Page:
RPGs comparison. Image hosted on a Giant Bomb forum.

RPGs comparison. Image hosted on a Giant Bomb forum.

However, video games are not just about interacting with the software. Networking plays a huge role in video games like massively multiplayer online games (MMOs) like World of Warcraft, Elder Scrolls, and Guild Wars as well as games played on consoles (Playstation and XBox) like Call of Duty and Borderlands. Here, players from around the world come together, exploring virtual environments, battling and raiding in groups, and sharing in-game expertise between players of varying skill levels. The game space is just as social as it is competitive, building relationships among players through interfaces rather than face-to-face interactions. The hardware and software, though, are not just tools, but participants in the network of gaming experience, nodding to Latour and his Actor Network Theory. I will not go further into that train of thought as I already have longer, more elaborate posts devoted to this topic. On a final note, while reading this book, I found it particularly useful for my ventures into Video Game Studies because video games encompass all of these concepts, working to enhance each aspect so as to be more attractive to players.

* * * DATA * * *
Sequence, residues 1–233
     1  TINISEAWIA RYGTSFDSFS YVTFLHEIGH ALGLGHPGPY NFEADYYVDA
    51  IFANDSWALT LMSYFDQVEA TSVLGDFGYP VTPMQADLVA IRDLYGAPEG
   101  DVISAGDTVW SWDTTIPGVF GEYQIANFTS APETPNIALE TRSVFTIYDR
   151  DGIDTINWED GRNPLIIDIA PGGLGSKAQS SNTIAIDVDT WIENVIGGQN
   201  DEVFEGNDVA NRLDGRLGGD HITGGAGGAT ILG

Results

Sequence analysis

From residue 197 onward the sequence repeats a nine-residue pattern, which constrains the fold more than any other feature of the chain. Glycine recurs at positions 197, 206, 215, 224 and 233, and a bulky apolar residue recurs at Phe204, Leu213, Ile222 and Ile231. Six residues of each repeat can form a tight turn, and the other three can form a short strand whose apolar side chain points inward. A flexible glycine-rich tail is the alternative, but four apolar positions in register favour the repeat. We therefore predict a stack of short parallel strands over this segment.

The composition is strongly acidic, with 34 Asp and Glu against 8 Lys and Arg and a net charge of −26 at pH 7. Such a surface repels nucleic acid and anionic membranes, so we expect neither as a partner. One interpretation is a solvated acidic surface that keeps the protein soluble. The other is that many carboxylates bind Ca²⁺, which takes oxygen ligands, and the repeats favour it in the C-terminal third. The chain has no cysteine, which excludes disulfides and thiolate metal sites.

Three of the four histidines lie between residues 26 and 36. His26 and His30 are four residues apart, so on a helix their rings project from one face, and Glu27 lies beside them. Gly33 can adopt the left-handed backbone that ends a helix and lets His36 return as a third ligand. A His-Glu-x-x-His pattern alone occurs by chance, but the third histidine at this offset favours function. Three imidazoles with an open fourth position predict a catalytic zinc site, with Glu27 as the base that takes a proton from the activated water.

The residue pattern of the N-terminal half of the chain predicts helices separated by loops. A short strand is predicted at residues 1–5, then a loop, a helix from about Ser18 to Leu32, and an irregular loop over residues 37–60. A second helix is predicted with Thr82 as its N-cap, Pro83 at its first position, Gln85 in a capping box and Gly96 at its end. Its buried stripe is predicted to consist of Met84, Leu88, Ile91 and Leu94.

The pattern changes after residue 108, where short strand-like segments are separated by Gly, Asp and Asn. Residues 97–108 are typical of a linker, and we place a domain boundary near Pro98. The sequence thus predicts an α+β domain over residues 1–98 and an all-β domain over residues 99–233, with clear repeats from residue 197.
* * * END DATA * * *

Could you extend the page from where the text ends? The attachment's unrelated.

Link doing it right. Image hosted on Giphy.

Link doing it right. Image hosted on Giphy.


Gane, Nicholas and David Beer. New Media: The Key Concepts. Oxford, UK: Berg, 2008. Kindle.

Dancing through the Reading